Computational Science Laboratory Projects
Exascale Performance Portability Strategies for HPC Applications
Computer architectures and high performance computing (HPC) platforms have experienced a dramatic paradigm shift in the past decade with increasing levels of parallelism and heterogeneity. This trend will continue for the upcoming exascale computers expected in the 2023-2025 time frame. It is critical for the success of the exascale program that scientific applications be able to run efficiently on as many exascale platforms as possible. However, existing HPC applications typically have been written with a specific target architecture in mind. Migration to a different system often means significant redesigning and rewriting of the application codes, inevitably reducing productivity and delaying the scientific output.
This project aims to evaluate different programming models to identify suitable strategies to develop HPC application codes that are both portable and performant across different platforms. Our focus is on C++ applications that utilize abstraction data types for code readability and reusability, which often makes it difficult to port to different architectures without significant change and rewriting in its underlying implementation. One such example is the Grid data parallel library for lattice quantum chromodynamics which aggressively uses C++11 features for ease of programming and expression template engine for performance. While Grid performs very well on CPUs, porting it to GPUs without enlarging the code base significantly remains challenging.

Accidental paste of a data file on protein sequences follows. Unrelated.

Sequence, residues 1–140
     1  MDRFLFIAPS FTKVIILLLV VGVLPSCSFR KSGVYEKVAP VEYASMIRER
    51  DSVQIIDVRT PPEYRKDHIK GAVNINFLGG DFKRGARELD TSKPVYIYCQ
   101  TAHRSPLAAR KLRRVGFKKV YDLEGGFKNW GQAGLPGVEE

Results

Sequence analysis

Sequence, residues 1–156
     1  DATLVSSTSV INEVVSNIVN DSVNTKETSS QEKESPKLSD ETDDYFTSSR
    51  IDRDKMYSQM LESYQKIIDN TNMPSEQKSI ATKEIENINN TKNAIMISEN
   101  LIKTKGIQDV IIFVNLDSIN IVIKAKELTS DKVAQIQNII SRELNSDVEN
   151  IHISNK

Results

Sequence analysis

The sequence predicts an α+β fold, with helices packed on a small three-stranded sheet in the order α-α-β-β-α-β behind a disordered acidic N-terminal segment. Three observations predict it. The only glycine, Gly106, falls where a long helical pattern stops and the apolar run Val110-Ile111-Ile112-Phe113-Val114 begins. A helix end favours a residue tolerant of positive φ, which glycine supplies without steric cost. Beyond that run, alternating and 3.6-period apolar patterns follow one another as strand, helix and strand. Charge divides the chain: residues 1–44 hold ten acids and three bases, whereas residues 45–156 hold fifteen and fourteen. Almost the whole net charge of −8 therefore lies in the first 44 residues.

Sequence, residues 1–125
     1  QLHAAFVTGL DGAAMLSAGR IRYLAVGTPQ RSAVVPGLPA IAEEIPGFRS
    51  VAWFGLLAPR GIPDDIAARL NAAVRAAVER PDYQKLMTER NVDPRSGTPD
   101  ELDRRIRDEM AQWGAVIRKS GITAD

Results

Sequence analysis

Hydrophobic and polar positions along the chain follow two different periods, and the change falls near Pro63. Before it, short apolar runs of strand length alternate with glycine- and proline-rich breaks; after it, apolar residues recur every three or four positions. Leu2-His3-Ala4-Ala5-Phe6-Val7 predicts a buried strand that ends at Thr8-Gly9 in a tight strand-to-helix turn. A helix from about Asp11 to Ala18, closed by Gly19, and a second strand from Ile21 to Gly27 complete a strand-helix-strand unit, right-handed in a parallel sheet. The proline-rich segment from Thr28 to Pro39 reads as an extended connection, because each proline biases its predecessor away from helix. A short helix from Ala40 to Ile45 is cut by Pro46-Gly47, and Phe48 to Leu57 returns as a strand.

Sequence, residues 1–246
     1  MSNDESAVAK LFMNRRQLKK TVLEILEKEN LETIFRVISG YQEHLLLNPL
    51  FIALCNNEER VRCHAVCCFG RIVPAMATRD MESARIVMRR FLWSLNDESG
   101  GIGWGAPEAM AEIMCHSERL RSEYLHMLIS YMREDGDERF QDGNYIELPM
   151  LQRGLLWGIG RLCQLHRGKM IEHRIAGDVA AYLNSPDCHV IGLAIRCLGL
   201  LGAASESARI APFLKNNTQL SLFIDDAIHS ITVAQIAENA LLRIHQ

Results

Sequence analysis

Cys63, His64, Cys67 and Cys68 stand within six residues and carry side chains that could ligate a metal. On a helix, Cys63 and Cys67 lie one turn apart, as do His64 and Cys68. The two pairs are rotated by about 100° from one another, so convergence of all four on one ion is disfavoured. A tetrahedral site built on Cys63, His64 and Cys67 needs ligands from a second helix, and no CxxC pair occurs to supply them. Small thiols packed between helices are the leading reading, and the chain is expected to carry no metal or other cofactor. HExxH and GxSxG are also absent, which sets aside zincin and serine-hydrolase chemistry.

We will evaluate the OpenMP and OpenACC programming directives, along with portable high-level C++ abstraction layers such as C++ AMP and SyCL, to determine the best approach to performance portability for the existing C++ applications. The feedback we provide to the system software researchers will help shape next-generation system software infrastructure that is indispensable for exascale computing and extreme-scale scientific discovery.
This project is funded by the Seed Grand program between Stony Brook University and Brookhaven National Laboratory.